Wednesday, 29 December 2010

Glory to God on high! Peace on earth to men of good will!

St. Luke has a very special place in the New Testament.  Author of the third gospel, he also wrote the Acts of the Apostles. And in this he was unique. But this second book, which shows the infant church to take its first steps under the guidance of the Holy Spirit, is of utmost importance. It is such that it allows us to glimpse the context of the communities to whom St. Paul and others direct their letters or even a bit of context of theApocalypse.
According to St. Luke, at the time of Jesus' birth in Bethlehem, the angels sing, "Glory to God in the highest and on earth peace to men of good will!"
But it goes to a concrete social space, pastoral, where there is a crib, which is a manger. Since the shepherds were not just regular people in the synagogues and religious acts they were unpopular people. But how could they be regular to such acts if they roamed the arid lands of Judea in search of pastures? Yet the word of the angels values their goodwill.
Each evangelist has his own traits and theological perspective. Something similar happens, for example, with the popes, the bishops, the parish priests, etc..Let's try to penetrate a little bit in that of St. Luke.
If the nativity tells the coming of the Saviour, the cross speaks of achievement, the end of his work. And how do we see Jesus at that moment?
Between two thieves or criminals, condemned by human justice.
We can sing: Glory to God who is worthy to be at the side of sinners! From the beginning to the end of his life among men. He came not to condemn but to save them.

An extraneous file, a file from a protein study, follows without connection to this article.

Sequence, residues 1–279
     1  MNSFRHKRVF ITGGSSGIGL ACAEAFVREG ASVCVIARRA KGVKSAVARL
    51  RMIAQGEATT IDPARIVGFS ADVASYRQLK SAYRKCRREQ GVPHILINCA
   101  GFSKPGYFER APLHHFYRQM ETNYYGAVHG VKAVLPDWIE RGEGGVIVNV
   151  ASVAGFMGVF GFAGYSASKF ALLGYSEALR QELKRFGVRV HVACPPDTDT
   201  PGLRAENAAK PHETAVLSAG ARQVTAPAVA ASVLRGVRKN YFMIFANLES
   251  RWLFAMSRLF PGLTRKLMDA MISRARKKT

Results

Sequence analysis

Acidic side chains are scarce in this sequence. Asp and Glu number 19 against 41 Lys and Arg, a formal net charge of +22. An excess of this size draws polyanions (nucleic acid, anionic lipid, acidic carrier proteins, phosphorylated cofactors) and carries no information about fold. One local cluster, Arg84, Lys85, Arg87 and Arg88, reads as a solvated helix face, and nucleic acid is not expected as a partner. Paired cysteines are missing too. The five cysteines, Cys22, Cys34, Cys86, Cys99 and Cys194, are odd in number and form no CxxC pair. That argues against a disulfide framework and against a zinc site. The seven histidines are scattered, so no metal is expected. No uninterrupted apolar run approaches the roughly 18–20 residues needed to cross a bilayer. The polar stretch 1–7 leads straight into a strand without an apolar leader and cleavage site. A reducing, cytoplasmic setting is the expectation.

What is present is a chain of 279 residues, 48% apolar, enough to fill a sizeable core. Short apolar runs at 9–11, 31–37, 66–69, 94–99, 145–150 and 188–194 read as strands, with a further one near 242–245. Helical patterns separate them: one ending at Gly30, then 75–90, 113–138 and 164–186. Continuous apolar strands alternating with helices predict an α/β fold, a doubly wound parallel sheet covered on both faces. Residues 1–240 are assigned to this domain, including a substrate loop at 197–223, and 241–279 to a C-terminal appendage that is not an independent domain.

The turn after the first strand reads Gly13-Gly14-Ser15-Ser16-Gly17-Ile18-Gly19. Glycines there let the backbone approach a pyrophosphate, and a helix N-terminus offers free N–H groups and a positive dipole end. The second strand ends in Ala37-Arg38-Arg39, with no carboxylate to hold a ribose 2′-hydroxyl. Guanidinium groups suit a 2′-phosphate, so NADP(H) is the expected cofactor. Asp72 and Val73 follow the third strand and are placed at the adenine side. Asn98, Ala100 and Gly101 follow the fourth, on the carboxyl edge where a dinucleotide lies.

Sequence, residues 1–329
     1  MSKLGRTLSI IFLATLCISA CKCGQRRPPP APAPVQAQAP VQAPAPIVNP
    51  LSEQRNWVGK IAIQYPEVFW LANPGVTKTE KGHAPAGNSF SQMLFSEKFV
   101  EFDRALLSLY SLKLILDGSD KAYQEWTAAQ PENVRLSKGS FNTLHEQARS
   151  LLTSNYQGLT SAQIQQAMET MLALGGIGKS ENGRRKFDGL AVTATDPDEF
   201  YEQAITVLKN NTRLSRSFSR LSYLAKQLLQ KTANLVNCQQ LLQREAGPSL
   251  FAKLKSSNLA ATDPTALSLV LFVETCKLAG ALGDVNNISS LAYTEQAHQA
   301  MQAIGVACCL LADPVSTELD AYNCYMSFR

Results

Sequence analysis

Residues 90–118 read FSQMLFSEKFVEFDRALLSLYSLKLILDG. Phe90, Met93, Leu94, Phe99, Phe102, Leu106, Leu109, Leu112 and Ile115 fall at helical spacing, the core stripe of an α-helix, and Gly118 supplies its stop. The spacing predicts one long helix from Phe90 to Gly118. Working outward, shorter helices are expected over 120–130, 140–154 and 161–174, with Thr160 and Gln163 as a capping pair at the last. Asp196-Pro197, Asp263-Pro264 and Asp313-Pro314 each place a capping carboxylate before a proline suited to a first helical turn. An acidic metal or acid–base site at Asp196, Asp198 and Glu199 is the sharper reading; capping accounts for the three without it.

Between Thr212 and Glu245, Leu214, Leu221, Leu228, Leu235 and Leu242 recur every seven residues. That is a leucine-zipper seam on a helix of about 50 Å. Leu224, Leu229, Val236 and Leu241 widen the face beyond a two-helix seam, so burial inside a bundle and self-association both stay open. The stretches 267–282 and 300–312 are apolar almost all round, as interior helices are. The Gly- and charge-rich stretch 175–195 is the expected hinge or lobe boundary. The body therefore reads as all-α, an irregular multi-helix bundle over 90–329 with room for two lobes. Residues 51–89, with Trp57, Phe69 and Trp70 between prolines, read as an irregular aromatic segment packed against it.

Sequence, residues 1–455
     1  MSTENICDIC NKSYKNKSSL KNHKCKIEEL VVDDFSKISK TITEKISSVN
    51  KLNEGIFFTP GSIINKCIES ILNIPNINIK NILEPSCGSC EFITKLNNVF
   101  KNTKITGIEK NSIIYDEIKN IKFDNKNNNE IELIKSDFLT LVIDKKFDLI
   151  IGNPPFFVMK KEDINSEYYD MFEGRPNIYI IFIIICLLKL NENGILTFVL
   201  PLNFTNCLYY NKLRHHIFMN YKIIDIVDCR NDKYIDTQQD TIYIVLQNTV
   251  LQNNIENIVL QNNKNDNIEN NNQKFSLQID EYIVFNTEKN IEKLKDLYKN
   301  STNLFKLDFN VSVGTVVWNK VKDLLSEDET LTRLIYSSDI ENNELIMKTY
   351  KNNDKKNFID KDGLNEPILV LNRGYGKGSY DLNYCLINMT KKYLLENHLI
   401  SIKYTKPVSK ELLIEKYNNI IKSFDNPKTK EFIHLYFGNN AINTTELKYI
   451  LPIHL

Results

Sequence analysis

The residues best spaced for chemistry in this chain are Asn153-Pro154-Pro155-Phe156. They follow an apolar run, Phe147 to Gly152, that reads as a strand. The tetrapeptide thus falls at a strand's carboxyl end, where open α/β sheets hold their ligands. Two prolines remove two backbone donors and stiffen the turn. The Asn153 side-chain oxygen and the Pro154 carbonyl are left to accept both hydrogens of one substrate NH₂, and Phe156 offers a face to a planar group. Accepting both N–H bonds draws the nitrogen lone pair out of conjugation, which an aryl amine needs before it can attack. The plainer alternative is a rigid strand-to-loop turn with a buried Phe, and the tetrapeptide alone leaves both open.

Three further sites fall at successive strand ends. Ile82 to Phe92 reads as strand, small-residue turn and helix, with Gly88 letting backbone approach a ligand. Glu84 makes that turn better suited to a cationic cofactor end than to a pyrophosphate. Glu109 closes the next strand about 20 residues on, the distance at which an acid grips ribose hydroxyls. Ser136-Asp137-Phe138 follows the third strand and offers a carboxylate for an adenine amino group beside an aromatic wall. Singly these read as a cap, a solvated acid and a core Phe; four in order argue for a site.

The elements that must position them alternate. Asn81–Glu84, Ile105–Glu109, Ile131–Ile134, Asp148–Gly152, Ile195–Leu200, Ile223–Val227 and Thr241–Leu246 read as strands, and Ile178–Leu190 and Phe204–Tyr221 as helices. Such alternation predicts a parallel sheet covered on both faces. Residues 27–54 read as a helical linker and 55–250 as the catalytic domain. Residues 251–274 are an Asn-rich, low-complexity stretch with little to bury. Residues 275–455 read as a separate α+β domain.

I understand that the case told the good thief - how there may be a good thief? - is likely to cause us real scandal. Human justice sentenced him to death and his few words of goodwill, open the doors of Paradise. Without Purgatory.
But the man did not have to compensate the victims of his thefts, his violence?
How good this injustice - indeed apparent injustice - of God!
One gets the idea that God Himself takes charge of repairing the injured. But the thief is going, "today", to Paradise.
St. Luke is the evangelist of the parable of the Prodigal Son. And therein is a identically scandalous situation. The other son was angry, and we in our human justice, tend to agree with him. Then the errant son, who squanders the assets "with women of bad life”, marches and junketing, is worth of a big welcome party and for the orderly, dedicated brother, there is nothing?
In the writings of Blessed Alexandrina, Jesus comes to tell her something like this: I've wanted to go to my knees next to each man and ask him to love Me!  Alexandrina also reacts and thinks that as well. But it is more or less what is in the Gospel. Jesus came looking for the man and if he has a gesture of acceptance, if he takes a step in the right direction, Jesus wants to give him everything.
Glory to God on high!
Peace on earth to men of good will!
Sometimes people say that every day of the year should be Christmas. I think not: there's a day for Christmas, another for Easter, another to Pentecost, etc. To say that every day should be Christmas can mean emptying the historic character of the Incarnation of the Word of God. Getting a date from the year to speak of brotherhood, love, like a little demanding, but without Jesus, has little of Christmas.
In the Credo there is an expression that says, "And He suffered under Pontius Pilate". To someone it may seem that the name of Pilate receives there an undue consecration. Would not it be better to forget it, a bad person as he was?
No, the sentence says the historic nature of death and consequently the life of Jesus. Jesus is not a mythical entity, a mist on the fringes of real adventure of man. No, He shared with us our time, our temptations, our problems of hunger, cold, our suffering. And he came to give them a sense that we could not suspect.
Peace on earth to men of good will! Glory to God on high!

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